Keystone XL Pipeline Update

TransCanada, the company proposing to build a new oil pipeline across America, has submitted a proposal for a new route through Nebraska. The new 173.5-mile corridor would run as much as 100 miles to the east of the original pipeline pathway to avoid Nebraska's Sandhills. The altered route would start in Nebraska's Keya Paha County by the South Dakota border. From there it would move the pipeline two counties eastward and end in Merrick County.



The company said it has submitted a planned route for the pipeline to Nebraska officials. The state has become a focus of concern for the pipeline, which would carry oil from western Canada to the Texas Gulf Coast.



President Obama blocked the pipeline earlier this year, citing uncertainty over a planned route intended to avoid Nebraska's environmentally sensitive Sandhills region. U.S. State Department approval is need because the $7 billion pipeline crosses a U.S. border.



Wind Power Generation Increases

South Dakota and North Dakota rank among the top three states in the percentage of electric power generated by wind. A new report from the Earth Policy Institute says 22 percent of South Dakota's electricity last year was provided by wind power. Iowa generated 19 percent of its electricity from wind last year. In North Dakota, the wind supplied 15 percent of the state's electric power. The institute says about 3 percent of the nation's electricity came from wind turbines last year. A federal tax break for the wind energy industry is scheduled to expire at the end of this year.



Asian Carp Get into Iowa’s Lake Okoboji

Commercial fishermen have netted dozens of silver carp in East Okoboji Lake, leading to concerns that the fish could threaten boaters at one of Iowa’s premier vacation spots. Tourism is a $213 million business in the Iowa Great Lakes located in northwestern Iowa. The discovery adds pressure to a yearlong effort to build an electric barrier to keep Asian carp out of the lakes.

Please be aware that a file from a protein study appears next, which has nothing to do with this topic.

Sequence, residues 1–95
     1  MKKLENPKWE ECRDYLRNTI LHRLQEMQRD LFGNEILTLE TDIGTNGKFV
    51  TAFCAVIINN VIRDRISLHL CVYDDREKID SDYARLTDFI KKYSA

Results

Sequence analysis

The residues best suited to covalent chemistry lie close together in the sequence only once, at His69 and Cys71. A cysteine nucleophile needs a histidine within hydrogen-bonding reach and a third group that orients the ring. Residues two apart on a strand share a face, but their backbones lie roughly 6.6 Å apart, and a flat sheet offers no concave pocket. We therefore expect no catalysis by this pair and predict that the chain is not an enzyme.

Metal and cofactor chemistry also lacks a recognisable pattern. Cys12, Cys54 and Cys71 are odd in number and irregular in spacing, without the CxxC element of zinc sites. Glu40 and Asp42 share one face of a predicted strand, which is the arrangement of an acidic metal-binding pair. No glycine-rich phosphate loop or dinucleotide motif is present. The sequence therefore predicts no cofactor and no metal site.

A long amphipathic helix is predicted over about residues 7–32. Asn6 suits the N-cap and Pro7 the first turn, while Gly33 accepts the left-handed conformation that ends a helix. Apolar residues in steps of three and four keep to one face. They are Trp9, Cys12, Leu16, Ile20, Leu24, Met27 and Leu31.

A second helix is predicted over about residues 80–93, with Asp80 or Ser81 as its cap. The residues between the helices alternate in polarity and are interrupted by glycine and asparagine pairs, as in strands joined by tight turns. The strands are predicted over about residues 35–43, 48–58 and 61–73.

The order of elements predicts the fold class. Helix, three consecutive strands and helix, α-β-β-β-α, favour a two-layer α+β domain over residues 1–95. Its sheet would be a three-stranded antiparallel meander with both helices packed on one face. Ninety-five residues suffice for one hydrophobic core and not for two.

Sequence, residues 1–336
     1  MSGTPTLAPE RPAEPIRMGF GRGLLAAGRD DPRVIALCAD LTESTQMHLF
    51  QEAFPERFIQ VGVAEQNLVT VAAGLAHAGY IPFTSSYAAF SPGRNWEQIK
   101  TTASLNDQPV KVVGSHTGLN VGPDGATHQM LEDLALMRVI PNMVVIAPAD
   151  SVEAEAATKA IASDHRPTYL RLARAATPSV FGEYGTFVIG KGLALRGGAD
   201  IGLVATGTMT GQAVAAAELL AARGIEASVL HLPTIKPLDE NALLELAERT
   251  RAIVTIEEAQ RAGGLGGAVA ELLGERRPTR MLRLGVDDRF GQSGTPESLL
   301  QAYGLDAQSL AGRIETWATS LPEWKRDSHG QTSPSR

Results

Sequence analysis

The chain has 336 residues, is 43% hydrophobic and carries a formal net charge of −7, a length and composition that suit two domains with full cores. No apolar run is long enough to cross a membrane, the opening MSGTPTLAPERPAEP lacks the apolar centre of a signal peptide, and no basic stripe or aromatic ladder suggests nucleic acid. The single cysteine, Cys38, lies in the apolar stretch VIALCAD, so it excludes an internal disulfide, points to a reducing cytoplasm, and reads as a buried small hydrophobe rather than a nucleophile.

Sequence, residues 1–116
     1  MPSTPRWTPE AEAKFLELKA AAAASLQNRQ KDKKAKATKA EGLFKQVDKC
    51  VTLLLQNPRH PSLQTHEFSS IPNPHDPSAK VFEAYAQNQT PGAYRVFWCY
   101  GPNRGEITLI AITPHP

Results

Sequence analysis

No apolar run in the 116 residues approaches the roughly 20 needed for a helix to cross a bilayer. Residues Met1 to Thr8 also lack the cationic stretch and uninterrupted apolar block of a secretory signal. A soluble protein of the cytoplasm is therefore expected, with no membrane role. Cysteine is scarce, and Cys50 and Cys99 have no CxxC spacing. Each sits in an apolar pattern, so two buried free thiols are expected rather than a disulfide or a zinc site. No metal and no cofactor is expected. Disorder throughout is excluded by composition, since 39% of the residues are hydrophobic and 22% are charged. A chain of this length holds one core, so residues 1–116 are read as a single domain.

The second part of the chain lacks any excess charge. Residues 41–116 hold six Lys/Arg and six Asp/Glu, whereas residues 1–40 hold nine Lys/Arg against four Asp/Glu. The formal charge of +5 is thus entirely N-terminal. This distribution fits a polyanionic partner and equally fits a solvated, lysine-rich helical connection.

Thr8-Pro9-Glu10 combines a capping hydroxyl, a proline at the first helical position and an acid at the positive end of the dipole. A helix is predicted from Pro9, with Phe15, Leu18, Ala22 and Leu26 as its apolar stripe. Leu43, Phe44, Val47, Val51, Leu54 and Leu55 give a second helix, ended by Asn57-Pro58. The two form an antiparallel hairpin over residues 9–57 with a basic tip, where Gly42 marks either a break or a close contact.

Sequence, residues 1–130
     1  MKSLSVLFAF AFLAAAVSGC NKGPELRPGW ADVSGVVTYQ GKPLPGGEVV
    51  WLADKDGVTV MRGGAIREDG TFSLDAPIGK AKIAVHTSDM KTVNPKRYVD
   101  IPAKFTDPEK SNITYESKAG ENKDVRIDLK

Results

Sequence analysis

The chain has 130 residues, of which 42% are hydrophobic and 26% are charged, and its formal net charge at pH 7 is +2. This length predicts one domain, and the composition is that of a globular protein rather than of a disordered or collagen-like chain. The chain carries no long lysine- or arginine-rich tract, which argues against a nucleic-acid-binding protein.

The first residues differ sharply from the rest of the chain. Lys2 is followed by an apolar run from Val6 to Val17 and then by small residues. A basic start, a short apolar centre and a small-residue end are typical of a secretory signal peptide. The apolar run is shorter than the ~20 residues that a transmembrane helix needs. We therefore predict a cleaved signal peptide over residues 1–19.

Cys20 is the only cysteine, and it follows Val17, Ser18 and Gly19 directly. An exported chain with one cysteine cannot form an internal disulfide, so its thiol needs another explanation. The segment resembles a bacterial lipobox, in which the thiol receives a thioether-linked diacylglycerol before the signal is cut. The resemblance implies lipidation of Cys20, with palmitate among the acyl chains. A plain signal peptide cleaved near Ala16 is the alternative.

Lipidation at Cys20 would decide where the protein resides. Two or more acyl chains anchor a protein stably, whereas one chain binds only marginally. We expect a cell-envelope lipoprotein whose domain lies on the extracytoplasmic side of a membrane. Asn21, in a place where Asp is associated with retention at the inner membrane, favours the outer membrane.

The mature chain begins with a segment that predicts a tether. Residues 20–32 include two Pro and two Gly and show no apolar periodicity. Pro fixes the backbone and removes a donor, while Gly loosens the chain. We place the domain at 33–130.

Silver carp leap out of the water when they are disturbed by nearby commotion and have injured boaters in other states. The fish can grow as large as 100 pounds. The filter-feeding fish compete with young game and forage fish for food. Local people and business owners in the Great Lakes area had hoped to raise $700,000 to install an electric barrier in time to prevent the dangerous carp from getting to lakes.



Lake Zorinsky near Omaha Re-opens for Recreation

A lake near Omaha that was drawn down in late 2010 to eradicate zebra mussels has reopened. Karie Decker, an invasive species project coordinator with the University of Nebraska-Lincoln and the Nebraska Game and Parks Commission, said tests conducted last year showed no signs of live zebra mussels or their larvae in Lake Zorinsky. The lake has since been refilled and restocked with fish after it was closed to the public for more than year.



The 255-acre lake was drained after a live zebra mussel on a beer can was pulled from the water. The small striped mollusks can clog drains and pipes, foul cooling systems, kill off native species and render power boats inoperable. Drawing down the lake allowed cold temperatures to freeze and kill the mussels.



Since 1988, zebra mussels have spread through the Great Lakes and the Mississippi and Missouri River basins and waters around the country. Zebra mussels were found in Lake Offutt at Offutt Air Force Base in eastern Nebraska in 2006. That lake was drained and chemically scoured in an attempt to eliminate them.



Law to Help Address Nebraska’s Invasive Species Issues

Nebraska Governor Dave Heineman signed LB 391 into law, giving the Nebraska Game and Parks Commission a tool to help control and prevent the spread of invasive species in the state. According to Dave Tunink, NE Game and Parks fisheries division assistant administrator and Lincoln Ikes member, the legislation introduced by state Senator Ken Schilz of Ogallala prohibits the possession, import, export, purchase, sale or transport of aquatic invasive species. It also allows Game and Parks to adopt and promulgate rules and regulations governing the inspection, decontamination, and treatment of watercraft capable of containing or transporting aquatic invasive species.



Rules and regulations are being drafted and will be available for public review later this year, including a listing of aquatic invasive species. The bill outlines penalties for boaters who refuse to submit to a boat inspection by an authorized inspector or refuses to allow watercraft decontamination. This summer, the Nebraska Invasive Species Project and Game and Parks will have authorized inspectors providing information at reservoirs across the state.